Saga Reverse Stock Split Takes Effect

January 29, 2009 by

When the New York Stock Exchange opens today, shares in Saga Communications stock will be worth about four times what they closed at yesterday.  But shareholders didn't hit the lottery: they'll own only a quarter of the number of shares.  (Sidebar inside: Updates on Citadel and Regent delisting threats)

According to a corporate press release, the "1-for-4 reverse stock split" of Saga's Class A Common Stock and Class B Common Stock became effective at 11:59pm last night, but the split won't be reflected on stock tickers until the markets open this morning.

In any instances where the split would leave a shareholder with a fraction of a share, Saga will round up that shareholder's stake to the next full number of shares.

National radio industry journalist Tom Taylor noted yesterday, the strategy is a good one on Saga's part.  Since the reverse split will quadruple Saga's stock price (it closed Wednesday at $1.03), the company may avoid falling below the $1.00 mark which can trigger delisting warnings.

Saga owns a cluster of five radio stations in the Ithaca-Cortland market.  They include rocker I-100 (WIII), News-Talk 870 WHCU, Progressive Talk 1470 WNYY, Q-Country 103.7 (WQNY) and Lite Rock 97.3 (WYXL).

Others Face Delisting

Last year, two other companies that own stations in territory were threatened with delisting from their respective trading venues.  In their cases, a 1-for-4 reverse stock split still wouldn't be enough to meet the requirements to remain listed, based on Wednesday's closing prices.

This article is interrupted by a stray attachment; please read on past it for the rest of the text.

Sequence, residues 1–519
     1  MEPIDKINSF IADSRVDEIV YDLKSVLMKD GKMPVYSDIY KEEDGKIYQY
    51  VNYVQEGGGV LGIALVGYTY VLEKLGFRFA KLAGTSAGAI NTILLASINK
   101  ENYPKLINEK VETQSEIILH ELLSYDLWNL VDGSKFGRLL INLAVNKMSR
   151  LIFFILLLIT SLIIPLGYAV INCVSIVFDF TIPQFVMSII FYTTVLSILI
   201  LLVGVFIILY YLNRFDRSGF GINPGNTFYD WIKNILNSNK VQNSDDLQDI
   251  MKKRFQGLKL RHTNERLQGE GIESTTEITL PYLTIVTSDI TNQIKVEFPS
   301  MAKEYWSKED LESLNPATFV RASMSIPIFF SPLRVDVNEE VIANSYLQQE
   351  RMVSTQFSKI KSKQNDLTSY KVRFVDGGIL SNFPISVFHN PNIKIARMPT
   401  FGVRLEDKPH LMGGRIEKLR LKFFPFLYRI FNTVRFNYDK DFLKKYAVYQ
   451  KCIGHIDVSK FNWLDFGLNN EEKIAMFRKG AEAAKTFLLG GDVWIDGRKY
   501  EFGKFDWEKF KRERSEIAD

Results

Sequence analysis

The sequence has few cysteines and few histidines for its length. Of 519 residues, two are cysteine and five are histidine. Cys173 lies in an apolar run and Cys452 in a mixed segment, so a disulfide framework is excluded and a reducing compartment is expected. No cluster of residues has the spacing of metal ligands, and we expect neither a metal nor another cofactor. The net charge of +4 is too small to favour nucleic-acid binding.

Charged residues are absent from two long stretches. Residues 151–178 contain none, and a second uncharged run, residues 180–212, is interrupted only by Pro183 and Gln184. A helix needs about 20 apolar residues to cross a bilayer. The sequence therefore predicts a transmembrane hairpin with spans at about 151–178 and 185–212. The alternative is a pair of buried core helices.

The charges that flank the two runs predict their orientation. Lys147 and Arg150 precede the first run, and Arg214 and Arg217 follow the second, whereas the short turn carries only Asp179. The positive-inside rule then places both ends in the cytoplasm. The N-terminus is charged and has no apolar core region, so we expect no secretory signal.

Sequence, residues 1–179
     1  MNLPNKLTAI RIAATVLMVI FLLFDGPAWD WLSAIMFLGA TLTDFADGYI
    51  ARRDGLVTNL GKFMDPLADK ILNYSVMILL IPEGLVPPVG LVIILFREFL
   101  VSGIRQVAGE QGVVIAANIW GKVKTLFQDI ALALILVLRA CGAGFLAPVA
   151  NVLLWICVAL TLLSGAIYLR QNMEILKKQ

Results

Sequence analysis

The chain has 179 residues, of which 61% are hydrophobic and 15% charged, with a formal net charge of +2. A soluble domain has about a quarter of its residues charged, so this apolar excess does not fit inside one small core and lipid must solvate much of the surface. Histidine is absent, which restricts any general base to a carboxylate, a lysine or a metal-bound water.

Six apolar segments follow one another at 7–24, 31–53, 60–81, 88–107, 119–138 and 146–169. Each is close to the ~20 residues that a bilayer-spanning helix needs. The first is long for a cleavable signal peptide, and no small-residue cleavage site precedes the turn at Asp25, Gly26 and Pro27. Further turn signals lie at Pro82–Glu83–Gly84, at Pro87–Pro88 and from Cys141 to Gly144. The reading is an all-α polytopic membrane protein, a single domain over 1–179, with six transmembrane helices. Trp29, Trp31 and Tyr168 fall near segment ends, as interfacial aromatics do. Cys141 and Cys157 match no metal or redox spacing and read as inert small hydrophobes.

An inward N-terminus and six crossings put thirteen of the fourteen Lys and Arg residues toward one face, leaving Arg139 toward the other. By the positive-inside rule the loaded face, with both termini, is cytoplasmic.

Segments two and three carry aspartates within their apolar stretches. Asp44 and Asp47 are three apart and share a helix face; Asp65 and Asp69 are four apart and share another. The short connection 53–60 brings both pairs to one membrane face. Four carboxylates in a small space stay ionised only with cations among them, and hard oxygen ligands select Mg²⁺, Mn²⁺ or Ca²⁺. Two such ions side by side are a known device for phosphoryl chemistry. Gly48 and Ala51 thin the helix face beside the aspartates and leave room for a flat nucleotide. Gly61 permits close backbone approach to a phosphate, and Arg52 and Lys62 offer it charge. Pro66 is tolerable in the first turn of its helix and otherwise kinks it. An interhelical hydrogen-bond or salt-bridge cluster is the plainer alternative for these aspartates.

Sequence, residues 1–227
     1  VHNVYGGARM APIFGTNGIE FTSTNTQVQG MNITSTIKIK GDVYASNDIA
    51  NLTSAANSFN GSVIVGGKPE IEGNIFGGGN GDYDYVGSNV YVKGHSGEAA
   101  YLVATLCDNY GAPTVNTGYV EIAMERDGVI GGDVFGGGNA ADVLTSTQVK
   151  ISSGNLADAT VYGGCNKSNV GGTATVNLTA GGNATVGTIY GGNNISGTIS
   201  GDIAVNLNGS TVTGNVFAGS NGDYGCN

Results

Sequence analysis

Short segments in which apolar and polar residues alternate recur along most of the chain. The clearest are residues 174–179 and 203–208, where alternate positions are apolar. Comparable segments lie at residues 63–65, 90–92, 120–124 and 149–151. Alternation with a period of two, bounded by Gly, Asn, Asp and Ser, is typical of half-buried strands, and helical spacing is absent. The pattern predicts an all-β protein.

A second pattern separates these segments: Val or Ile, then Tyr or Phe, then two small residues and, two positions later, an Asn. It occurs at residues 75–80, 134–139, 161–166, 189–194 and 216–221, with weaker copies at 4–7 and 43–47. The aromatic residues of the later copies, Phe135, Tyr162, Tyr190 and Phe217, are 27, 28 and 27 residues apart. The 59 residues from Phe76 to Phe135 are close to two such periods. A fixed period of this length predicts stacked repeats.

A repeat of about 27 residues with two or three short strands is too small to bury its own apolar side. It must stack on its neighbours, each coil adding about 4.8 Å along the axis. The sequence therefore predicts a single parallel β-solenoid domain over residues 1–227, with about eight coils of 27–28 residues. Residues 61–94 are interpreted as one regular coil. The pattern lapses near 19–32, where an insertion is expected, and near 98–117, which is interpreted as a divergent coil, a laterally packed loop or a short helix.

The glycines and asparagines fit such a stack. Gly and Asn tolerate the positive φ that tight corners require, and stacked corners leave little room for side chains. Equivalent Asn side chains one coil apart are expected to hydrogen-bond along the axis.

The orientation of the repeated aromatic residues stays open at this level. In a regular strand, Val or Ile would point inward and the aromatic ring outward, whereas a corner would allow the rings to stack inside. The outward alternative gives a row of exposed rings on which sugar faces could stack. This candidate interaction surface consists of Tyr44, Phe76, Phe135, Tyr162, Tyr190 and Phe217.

In August, NASDAQ threatened to drop Regent Communications (RGCI) unless it could bring its price above $1.00 for at least 10 consecutive days before February 9, 2009.  It appears that means the last possible day for the stock to begin that 10-day streak above $1.00 would have been this past Monday -- but Regent hasn't issued any recent comment on the situation.  Regent was originally warned because the stock hasn't closed above $1.00 since July.  Wednesday's closing price was 17 cents.

Last month, Citadel (CDL) said it was working to avoid being delisted on the NYSE, but cautioned "there can be no assurance" any turnaround effort would be successful in bringing stock prices back above $1.00.  Citadel was originally warned by NYSE in September.  Its stock hasn't closed above $1.00 since August 11, 2008... and closed Wednesday at just 20 cents.

Broadcasting companies have been suffering as major sources of advertising revenue (most particularly, the automotive industry) have sharply cut back on advertising budgets over the past several months.


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